In the years since, the motel where Evans gunned down two employees has been replaced by a Howard Johnson. The star witness in the case, a woman who lost her husband and a sister that day, has died. And Evans, who in his own words has “rebuilt” his character, remains on Maryland’s death row, kept alive in a politically forged purgatory.
“In hindsight, it would have been better if he got life without parole,” David B. Irwin, the former prosecutor who handled the case, said recently. “But it wasn’t obvious to us as young prosecutors back then that this was the way it was going to turn out.”
As the state Senate prepares to vote this week on whether Maryland should abolish capital punishment, the Evans case illustrates what can happen when the death penalty exists but is not enforced.
Unlike Virginia, which has executed more than 100 people since 1976, including one man last month, Maryland has executed five people since it reinstituted the death penalty in 1978, according to the Death Penalty Information Center. No one has been executed in Maryland since 2005.
What is essentially a moratorium on capital punishment has been in place in Maryland since 2006, and since 2009, the state has required DNA evidence, a videotaped crime or a videotaped confession in capital cases.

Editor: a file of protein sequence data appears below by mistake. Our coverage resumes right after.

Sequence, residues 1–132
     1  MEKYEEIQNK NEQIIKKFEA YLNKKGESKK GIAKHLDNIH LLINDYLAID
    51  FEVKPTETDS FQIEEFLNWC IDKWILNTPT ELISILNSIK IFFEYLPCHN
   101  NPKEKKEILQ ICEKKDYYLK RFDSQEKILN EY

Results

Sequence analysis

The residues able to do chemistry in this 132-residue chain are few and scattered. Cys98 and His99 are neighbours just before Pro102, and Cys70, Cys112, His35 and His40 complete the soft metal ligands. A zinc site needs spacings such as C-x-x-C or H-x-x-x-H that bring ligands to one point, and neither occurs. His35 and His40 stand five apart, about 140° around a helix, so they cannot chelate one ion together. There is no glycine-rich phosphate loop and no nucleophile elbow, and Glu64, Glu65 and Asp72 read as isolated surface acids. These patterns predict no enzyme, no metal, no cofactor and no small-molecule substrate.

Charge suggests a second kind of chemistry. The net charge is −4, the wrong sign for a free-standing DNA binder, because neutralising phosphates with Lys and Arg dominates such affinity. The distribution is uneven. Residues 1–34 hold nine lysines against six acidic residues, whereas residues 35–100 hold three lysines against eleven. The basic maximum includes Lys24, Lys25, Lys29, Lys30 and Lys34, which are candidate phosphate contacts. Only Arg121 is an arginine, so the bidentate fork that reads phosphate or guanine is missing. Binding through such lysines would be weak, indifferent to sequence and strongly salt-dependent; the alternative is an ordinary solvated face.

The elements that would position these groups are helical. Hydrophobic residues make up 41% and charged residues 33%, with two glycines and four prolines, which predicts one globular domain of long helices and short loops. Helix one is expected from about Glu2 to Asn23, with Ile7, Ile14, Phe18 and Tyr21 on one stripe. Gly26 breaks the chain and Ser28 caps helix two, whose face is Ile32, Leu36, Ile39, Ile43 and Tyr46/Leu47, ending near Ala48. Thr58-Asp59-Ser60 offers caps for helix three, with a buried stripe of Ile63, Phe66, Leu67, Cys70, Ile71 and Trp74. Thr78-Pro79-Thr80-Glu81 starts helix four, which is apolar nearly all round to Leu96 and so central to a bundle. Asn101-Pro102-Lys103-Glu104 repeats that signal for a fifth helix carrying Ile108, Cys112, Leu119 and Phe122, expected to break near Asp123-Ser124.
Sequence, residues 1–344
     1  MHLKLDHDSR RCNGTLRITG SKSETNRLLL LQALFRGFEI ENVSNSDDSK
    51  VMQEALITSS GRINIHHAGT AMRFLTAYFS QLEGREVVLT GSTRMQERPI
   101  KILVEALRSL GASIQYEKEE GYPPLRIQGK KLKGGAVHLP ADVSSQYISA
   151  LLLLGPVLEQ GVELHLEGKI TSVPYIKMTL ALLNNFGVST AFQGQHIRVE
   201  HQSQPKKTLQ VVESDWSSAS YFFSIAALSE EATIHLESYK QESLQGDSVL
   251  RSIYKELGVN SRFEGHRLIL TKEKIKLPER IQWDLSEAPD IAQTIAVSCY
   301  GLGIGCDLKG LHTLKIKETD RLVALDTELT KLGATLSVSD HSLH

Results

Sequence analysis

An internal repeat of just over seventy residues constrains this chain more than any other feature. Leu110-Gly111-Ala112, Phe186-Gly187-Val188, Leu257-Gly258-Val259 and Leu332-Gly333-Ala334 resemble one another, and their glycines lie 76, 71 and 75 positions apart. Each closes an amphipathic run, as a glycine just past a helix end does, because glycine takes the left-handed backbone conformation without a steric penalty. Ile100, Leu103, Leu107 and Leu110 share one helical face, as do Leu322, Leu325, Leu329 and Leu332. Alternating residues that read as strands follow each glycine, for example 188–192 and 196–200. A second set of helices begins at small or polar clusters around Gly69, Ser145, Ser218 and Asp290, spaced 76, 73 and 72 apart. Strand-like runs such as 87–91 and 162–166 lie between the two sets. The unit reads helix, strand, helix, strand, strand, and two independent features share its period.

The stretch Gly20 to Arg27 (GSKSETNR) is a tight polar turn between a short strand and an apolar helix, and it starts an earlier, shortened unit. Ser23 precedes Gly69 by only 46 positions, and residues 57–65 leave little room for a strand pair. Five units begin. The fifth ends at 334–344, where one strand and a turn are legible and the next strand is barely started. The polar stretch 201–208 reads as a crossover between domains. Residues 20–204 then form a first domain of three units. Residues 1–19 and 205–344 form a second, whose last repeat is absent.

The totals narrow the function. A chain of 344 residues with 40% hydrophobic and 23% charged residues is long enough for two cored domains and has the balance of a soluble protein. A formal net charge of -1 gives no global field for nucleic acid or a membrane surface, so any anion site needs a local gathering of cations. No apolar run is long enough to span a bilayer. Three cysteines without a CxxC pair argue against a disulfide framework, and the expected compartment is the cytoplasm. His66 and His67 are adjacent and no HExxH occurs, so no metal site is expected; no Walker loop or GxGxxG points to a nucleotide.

Of the five men on Maryland’s death row, Evans and two others have been there for nearly three decades. In that time, Evans has survived a stabbing, come within hours of execution and outlived the widow he left haunted by a burst of gunfire that was meant for her but killed her sister. Even some of the people who most wanted to see Evans dead no longer do, although not because of any sympathy for him.
“If [Evans] got executed tomorrow, it wouldn’t bother me a bit,” Irwin said. But he won’t, and for Irwin, that’s the problem with the state’s death penalty.
“I’m not morally, religiously or legally against the death penalty,” he said. “It’s on grounds of practicality. It becomes ridiculous and ludicrous after 30 years. If they’re not going to impose the death penalty, why have it on the books?”
Evans was 33 and a drug addict in April 1983 when authorities say he agreed to kill two federal witnesses, Scott Piechowicz and his wife, Cheryl. The two worked at the Warren House Motel in Pikesville, in Baltimore County,and were set to testify against a drug dealer named Anthony Grandison. Heroin and cocaine had been found in one of the motel’s rooms, and only the couple could tie Grandison to it.
It was Evans’s job to silence them, and authorities say that for $9,000 he tried to do so by walking into the motel lobby and firing a Mac-11 machine gun. Six bullets hit Piechowicz and four hit his sister-in-law, Susan Kennedy, who had agreed at the last minute to work for Cheryl.